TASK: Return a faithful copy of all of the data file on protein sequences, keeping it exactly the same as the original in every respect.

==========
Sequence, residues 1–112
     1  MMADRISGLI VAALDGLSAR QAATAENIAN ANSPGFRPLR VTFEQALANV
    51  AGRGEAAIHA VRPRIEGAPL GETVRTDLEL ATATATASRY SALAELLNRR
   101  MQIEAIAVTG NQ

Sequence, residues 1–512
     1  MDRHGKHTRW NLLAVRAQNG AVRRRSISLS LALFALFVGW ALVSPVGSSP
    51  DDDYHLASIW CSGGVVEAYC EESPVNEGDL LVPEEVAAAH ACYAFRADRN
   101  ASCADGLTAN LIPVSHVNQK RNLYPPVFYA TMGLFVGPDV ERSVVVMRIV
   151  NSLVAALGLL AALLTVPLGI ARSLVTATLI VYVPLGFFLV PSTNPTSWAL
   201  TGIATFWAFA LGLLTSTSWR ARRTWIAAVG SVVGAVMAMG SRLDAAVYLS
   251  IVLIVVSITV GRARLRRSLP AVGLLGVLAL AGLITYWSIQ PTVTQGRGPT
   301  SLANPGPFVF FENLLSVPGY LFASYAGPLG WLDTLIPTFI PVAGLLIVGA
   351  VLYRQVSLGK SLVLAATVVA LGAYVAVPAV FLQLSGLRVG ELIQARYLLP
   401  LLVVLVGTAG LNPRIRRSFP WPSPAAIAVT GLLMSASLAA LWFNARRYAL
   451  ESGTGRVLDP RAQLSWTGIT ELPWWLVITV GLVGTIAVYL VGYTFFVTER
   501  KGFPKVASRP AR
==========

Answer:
Sequence, residues 1–112
     1  MMADRISGLI VAALDGLSAR QAATAENIAN ANSPGFRPLR VTFEQALANV
    51  AGRGEAAIHA VRPRIEGAPL GETVRTDLEL ATATATASRY SALAELLNRR
   101  MQIEAIAVTG NQ

Sequence, residues 1–512
     1  MDRHGKHTRW NLLAVRAQNG AVRRRSISLS LALFALFVGW ALVSPVGSSP
    51  DDDYHLASIW CSGGVVEAYC EESPVNEGDL LVPEEVAAAH ACYAFRADRN
   101  ASCADGLTAN LIPVSHVNQK RNLYPPVFYA TMGLFVGPDV ERSVVVMRIV
   151  NSLVAALGLL AALLTVPLGI ARSLVTATLI VYVPLGFFLV PSTNPTSWAL
   201  TGIATFWAFA LGLLTSTSWR ARRTWIAAVG SVVGAVMAMG SRLDAAVYLS
   251  IVLIVVSITV GRARLRRSLP AVGLLGVLAL AGLITYWSIQ PTVTQGRGPT
   301  SLANPGPFVF FENLLSVPGY LFASYAGPLG WLDTLIPTFI PVAGLLIVGA
   351  VLYRQVSLGK SLVLAATVVA LGAYVAVPAV FLQLSGLRVG ELIQARYLLP
   401  LLVVLVGTAG LNPRIRRSFP WPSPAAIAVT GLLMSASLAA LWFNARRYAL
   451  ESGTGRVLDP RAQLSWTGIT ELPWWLVITV GLVGTIAVYL VGYTFFVTER
   501  KGFPKVASRP AR